Start Part

PART 141—NATIONAL PRIMARY DRINKING WATER REGULATIONS

End Part Start Amendment Part

1. The authority citation for part 141 continues to read as follows:

End Amendment Part Start Authority

Authority: 42 U.S.C. 300f, 300g-1, 300g-2, 300g-3, 300g-4, 300g-5, 300g-6, 300j-4, 300j-9, and 300j-11.

End Authority Start Amendment Part

2. Amend appendix A to subpart C of part 141 as follows:

End Amendment Part Start Amendment Part

a. In the table entitled “ALTERNATIVE TESTING METHODS FOR CONTAMINANTS LISTED AT 40 CFR 141.23(k)(1)” revising the entries for “Antimony,” “Calcium,” “Copper,” “Fluoride,” “Lead”, “Magnesium,” “Mercury,” “Nitrate,” “Nitrite,” “Orthophosphate,” “pH,” and “Sodium” ;

End Amendment Part Start Amendment Part

b. Revise the table entitled “ALTERNATIVE TESTING METHODS FOR CONTAMINANTS LISTED AT 40 CFR 141.24(e)(1)”;

End Amendment Part Start Amendment Part

c. In the table entitled “ALTERNATIVE TESTING METHODS FOR CONTAMINANTS LISTED AT 40 CFR 141.25(a)” revise the entry for “Radium 226”;

End Amendment Part Start Amendment Part

d. Revise the table entitled “ALTERNATIVE TESTING METHODS FOR DISINFECTANT RESIDUALS LISTED AT 40 CFR 141.74(a)(2)”;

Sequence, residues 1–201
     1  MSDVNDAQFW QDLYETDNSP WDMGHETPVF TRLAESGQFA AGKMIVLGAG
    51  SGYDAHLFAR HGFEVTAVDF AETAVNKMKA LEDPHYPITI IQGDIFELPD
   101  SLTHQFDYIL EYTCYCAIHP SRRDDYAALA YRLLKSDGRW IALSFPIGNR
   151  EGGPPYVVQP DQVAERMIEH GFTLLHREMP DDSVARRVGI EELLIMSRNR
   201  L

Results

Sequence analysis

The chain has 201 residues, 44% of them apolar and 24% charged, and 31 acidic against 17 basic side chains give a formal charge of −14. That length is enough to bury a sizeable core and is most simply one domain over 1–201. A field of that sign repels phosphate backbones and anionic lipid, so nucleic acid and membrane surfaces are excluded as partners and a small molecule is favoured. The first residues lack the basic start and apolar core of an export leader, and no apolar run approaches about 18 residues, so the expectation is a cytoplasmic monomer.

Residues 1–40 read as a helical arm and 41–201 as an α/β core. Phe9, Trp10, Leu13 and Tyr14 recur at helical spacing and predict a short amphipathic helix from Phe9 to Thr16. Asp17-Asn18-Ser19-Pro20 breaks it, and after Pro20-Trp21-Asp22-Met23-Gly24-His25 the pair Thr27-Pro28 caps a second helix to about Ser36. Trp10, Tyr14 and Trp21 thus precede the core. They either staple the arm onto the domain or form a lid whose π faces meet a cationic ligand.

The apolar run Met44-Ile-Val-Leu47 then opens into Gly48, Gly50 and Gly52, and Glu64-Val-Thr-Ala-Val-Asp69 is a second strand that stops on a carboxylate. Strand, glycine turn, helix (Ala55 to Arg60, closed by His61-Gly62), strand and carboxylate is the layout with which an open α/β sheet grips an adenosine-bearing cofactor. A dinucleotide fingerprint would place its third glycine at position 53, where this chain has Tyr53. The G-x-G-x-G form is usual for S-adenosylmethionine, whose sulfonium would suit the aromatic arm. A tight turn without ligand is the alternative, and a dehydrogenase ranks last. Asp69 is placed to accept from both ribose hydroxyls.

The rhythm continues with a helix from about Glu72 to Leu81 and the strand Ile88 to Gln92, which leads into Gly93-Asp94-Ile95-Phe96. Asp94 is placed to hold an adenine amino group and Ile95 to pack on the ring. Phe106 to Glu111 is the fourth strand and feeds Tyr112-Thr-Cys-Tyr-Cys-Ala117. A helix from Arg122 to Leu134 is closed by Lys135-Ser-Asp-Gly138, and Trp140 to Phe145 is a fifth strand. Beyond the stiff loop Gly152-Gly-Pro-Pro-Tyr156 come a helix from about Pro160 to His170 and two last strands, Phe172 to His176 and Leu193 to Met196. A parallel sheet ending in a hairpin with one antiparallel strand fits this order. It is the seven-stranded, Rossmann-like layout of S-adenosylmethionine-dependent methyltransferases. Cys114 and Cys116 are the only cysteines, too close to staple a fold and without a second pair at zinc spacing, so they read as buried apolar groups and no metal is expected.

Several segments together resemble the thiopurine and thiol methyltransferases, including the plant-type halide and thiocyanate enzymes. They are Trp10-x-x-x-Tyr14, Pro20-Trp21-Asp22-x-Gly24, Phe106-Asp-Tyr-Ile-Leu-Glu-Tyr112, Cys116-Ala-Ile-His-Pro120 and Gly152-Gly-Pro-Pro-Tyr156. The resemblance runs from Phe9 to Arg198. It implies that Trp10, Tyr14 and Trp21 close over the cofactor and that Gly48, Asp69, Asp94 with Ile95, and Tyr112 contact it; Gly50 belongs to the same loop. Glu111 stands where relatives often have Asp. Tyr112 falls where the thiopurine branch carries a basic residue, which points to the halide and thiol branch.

End Amendment Part Start Amendment Part

e. In the table entitled “ALTERNATIVE TESTING METHODS FOR CONTAMINANTS LISTED AT 40 CFR 141.131(b)(1)” revise the entry for “Chlorite-daily monitoring as prescribed in 40 CFR 141.132(b)(2)(i)(A)”;

End Amendment Part Start Amendment Part

f. In the table entitled “ALTERNATIVE TESTING METHODS FOR DISINFECTANT RESIDUALS LISTED AT 40 CFR 141.131(c)(1)” revise the entries for “Free Chlorine,” “Total Chlorine,” and “Chlorine Dioxide”;

End Amendment Part Start Amendment Part

g. In the table entitled “ALTERNATIVE TESTING METHODS FOR CONTAMINANTS LISTED AT 40 CFR 141.402(c)(2)” revise the entry for “E. coli”;

End Amendment Part Start Amendment Part

h. Revise the table entitled “ALTERNATIVE TESTING METHODS FOR CONTAMINANTS LISTED AT 40 CFR 141.852(a)(5)”;

End Amendment Part Start Amendment Part

i. In the table entitled “ALTERNATIVE TESTING METHODS FOR CONTAMINANTS LISTED AT 40 CFR 143.4(b)” revise the entries for “Chloride” and “Sulfate”;

End Amendment Part Start Amendment Part

j. Revise footnotes “2”, “3”, “4”, “8”, “9”, “13”, “14”, “16”, “17”, “24”, “25”, “26”, “28”, “29”, “48”, and “49”; and,

End Amendment Part Start Amendment Part

k. Add footnotes 53 through 61.

End Amendment Part

The revisions and additions read as follows:

Start Appendix